The Real Motive: Protection of Inefficient Competitors

The “European court’s ruling that requires it to remove links from search results that individuals find objectionable” is really a travesty. It serves mainly to protect political and other public figures from public scrutiny and criticism by giving them the opportunity to erase proof of their past misdeeds. However, these are precisely the people who should not be shielded from such scrutiny.

As to the “chorus of public criticism from politicians and business executives” – the former regard hampering the market economy as their sacred duty, while the latter want to use the coercive power of the State to legislate their competition out of existence. Their motives have nothing to do with “consumer protection”. On the contrary, inefficient producers want to create a situation in which consumers are forced to pay for things that are now available for free.

The false notion that it is all done for the “protection of the consumer” is also propagated by a Californian so-called “consumer watchdog” organization where we read:

 “It’s long been clear that Google uses its search results to unfairly advantage its own services,” said John M. Simpson, Director of Consumer Watchdog’s privacy project. “We proposed the break-up remedy to the U.S. Department of Justice in April, 2010.”

“Such action could include breaking Google Inc. into multiple separate companies or regulating it as a public utility,” Consumer Watchdog’s 2010 letter said. “Google exerts monopoly power over Internet searches, controlling 70 percent of the U.S. market.  For most Americans – indeed, for most people in the world – Google is the gateway to the Internet. How it tweaks its proprietary search algorithms can ensure a business’s success or doom it to failure.”

(emphasis added)

Regulating an internet company as a “public utility”? Only socialist statists can come up with such abject nonsense. The idea that “Google exerts monopoly power over Internet searches” and “controls the market” is simply a lie, or at best an utterly false conclusion. One cannot charge a company with “monopolistic market control” just because its services happen to be popular. And it is not “unfair” if Google indeed “advantages its own services” – it is entirely normal business practice. Moreover, the search engine service cannot be overly abused for this purpose: if Google were to do that, it would soon fall prey to the competition from services that don’t rely on ad spending to the same extent, such as e.g. DuckDuckGo to name one.


“Robber baron” and “monopolist” – the erroneous portrayal of Google by the political left.

The same nonsensical argument is forwarded by EU politicians, even nominally “conservative” ones:

“Andreas Schwab, the German Christian Democrat lawmaker who co-sponsored the resolution, told Reuters it was “very likely” it would be adopted as both his own center-right group, the largest in parliament, and the main center-left group supported it. Schwab proposed the resolution along with Spanish centrist Ramon Tremosa earlier this week.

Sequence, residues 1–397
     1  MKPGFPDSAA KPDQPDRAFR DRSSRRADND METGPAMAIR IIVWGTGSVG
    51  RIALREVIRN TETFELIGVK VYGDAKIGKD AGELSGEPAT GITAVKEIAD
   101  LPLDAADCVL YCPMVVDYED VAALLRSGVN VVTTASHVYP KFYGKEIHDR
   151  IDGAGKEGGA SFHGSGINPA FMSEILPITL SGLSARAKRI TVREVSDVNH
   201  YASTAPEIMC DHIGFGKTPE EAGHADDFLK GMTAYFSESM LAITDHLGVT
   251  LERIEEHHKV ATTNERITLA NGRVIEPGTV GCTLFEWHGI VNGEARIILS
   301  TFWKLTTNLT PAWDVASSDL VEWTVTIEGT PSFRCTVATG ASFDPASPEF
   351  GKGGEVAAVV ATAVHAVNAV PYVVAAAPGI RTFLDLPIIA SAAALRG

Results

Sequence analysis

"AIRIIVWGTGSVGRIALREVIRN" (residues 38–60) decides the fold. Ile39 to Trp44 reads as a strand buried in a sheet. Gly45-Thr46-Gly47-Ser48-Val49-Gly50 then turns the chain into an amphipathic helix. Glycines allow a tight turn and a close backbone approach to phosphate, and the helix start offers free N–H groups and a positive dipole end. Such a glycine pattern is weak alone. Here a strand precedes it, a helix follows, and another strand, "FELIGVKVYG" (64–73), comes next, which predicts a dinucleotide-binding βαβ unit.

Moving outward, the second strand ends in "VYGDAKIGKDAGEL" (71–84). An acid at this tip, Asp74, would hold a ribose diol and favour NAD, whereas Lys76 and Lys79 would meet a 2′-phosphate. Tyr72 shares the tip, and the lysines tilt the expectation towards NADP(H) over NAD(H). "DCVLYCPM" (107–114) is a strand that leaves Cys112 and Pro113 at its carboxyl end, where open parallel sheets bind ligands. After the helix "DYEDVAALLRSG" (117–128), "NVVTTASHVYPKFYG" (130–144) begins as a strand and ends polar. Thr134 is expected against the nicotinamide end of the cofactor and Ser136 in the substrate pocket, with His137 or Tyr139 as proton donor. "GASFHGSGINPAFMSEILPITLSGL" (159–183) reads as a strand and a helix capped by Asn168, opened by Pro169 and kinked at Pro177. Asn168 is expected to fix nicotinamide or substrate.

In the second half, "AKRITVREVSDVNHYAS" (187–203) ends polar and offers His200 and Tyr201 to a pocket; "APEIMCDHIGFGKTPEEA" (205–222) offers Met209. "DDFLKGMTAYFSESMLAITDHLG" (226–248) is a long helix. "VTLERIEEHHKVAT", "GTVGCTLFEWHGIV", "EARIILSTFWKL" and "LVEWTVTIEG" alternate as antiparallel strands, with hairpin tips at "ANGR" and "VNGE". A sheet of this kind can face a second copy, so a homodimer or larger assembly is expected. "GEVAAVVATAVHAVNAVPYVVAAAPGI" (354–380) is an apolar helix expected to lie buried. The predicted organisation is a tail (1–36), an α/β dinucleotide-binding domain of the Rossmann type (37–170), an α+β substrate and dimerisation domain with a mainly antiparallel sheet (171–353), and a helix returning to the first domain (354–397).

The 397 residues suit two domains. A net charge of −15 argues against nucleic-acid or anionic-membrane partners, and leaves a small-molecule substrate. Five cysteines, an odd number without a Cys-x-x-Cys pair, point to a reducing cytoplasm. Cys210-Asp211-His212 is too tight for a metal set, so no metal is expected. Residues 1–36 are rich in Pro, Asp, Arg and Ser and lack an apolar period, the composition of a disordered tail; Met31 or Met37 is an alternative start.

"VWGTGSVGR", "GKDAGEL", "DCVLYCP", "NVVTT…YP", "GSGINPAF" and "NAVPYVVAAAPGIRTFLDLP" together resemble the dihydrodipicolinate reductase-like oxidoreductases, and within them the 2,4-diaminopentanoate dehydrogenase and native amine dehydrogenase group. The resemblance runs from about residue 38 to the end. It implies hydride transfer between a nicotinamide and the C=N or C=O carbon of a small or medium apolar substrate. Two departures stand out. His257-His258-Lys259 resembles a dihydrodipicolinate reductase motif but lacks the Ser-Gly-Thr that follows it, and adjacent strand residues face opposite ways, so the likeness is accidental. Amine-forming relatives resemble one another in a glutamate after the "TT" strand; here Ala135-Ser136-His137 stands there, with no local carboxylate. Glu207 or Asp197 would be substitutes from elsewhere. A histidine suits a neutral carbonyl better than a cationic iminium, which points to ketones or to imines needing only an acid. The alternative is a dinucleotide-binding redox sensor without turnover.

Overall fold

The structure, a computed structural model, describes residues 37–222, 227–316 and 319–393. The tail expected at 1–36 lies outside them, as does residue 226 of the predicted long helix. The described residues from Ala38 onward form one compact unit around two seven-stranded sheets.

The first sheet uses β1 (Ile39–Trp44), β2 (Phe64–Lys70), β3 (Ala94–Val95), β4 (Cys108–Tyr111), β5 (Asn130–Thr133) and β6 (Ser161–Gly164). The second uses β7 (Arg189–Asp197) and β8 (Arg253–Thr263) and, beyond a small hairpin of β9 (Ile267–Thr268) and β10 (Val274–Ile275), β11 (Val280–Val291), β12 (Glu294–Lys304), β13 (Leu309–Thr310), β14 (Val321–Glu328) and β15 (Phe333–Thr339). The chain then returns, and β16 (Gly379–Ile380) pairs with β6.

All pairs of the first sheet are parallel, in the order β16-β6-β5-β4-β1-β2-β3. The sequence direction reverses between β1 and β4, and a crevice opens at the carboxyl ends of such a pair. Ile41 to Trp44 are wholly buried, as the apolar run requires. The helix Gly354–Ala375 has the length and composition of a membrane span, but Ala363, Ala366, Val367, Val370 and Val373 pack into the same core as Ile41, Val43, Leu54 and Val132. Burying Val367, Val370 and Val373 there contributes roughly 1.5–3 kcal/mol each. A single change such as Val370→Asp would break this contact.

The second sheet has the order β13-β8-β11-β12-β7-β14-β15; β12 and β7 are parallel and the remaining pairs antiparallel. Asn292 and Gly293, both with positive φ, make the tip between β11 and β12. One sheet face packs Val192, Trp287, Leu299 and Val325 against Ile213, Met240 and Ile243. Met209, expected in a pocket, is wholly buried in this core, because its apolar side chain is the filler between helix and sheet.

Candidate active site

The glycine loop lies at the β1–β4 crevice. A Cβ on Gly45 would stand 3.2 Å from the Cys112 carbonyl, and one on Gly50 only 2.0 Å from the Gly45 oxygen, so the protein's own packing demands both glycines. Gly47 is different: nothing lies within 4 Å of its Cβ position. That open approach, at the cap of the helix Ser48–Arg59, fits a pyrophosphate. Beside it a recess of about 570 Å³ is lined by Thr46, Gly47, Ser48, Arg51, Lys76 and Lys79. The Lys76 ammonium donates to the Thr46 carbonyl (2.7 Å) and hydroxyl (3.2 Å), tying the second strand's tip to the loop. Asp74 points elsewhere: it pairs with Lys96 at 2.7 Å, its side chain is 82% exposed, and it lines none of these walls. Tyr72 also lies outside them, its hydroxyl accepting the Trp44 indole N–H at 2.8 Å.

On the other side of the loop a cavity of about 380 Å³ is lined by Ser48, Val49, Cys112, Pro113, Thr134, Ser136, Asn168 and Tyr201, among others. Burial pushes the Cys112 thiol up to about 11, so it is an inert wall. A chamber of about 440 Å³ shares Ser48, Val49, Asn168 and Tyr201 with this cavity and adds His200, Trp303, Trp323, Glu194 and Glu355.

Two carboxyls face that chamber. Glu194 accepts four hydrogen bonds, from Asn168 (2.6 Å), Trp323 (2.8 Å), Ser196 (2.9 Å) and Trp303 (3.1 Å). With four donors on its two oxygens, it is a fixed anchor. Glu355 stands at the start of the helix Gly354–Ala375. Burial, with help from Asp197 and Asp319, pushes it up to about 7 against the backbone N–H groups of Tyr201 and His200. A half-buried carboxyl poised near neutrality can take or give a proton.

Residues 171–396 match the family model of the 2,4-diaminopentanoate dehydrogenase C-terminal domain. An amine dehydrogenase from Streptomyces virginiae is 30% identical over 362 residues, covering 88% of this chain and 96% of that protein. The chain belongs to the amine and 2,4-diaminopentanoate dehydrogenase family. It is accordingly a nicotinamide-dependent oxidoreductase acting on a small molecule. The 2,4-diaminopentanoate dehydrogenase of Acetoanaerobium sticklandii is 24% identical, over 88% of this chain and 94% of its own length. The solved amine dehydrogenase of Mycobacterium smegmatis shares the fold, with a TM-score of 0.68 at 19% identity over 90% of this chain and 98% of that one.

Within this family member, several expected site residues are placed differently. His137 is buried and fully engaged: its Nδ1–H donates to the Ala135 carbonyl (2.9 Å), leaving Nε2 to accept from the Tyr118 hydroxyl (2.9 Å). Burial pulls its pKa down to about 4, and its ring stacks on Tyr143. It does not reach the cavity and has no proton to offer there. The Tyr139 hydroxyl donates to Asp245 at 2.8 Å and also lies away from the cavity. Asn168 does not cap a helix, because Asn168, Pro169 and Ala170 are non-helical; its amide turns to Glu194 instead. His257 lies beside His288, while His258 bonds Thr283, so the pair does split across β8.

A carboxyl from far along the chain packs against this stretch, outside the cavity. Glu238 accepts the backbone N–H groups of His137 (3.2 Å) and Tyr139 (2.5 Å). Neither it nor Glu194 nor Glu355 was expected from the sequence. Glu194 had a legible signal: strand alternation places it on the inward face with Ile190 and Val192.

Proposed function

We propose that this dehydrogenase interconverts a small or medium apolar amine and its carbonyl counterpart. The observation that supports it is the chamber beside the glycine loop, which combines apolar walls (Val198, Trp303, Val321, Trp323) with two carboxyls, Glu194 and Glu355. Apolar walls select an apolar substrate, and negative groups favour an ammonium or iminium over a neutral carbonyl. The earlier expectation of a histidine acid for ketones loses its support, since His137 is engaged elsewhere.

In a statement on Wednesday, the two said Google had failed to propose adequate remedies during the antitrust investigation by the commission. Vestager has said she wants time to study the dossier after her predecessor decided against a settlement with Google that would have ended the case. Google ”continued thereby to suppress competition to the detriment of European consumers and businesses,“ Schwab and Tremosa said.

In a position paper, they cited a number of possible solutions to what they saw as Google’s abusive dominant position in search engines and its ability to drive Internet traffic to favored sites. If these failed, then, they suggested, legislation should be tried.

“In case the proceedings against Google carry on without any satisfying decisions and the current anti-competitive behavior continues to exist, a regulation of the dominant online web search should be envisaged,” they said. Reflecting broad suspicion of Google, other parties in parliament may also support the non-binding resolution.”

(emphasis added)

Again, apart from resentment over Google’s success, it is not clear to us what this alleged “anti-competitive behavior” supposedly consists of. On the contrary, the very reason why Google is successful is that it is highly competitive. Moreover, the company does by no means succeed in all its endeavors, as the less than successful launch of its social media effort Google+ has shown.

Reuters further:

Jan Philipp Albrecht of the Greens said: “Search engines like Google should not be allowed to use their market power to push forward other commercial activities of the same company.”

 Why the hell not?


It is utterly absurd to assert that Google is an “evil monopolist” considering that consumers get the vast bulk of Google’s services for absolutely free and are moreover free to choose a different search service whenever they want. What this is really about is not the “protection of the consumer”, since there is really nothing he needs to be protected against in this case. It is all about pushing the fortunes of inefficient competitors and EU politicians trying to profile themselves by pretending that they are “fighting against a US-based robber baron”, allegedly on the consumer’s behalf. Last but by no means least, the entire monopoly theory on which the EU commission bases its “anti-trust” interventions is economic nonsense anyway.


Economist Murray Rothbard: he refuted the theory of monopoly which provides the scientific fig leaf for the EU’s “anti-trust” interventions.

(Photo via Mises Institute, via Wikimedia Commons)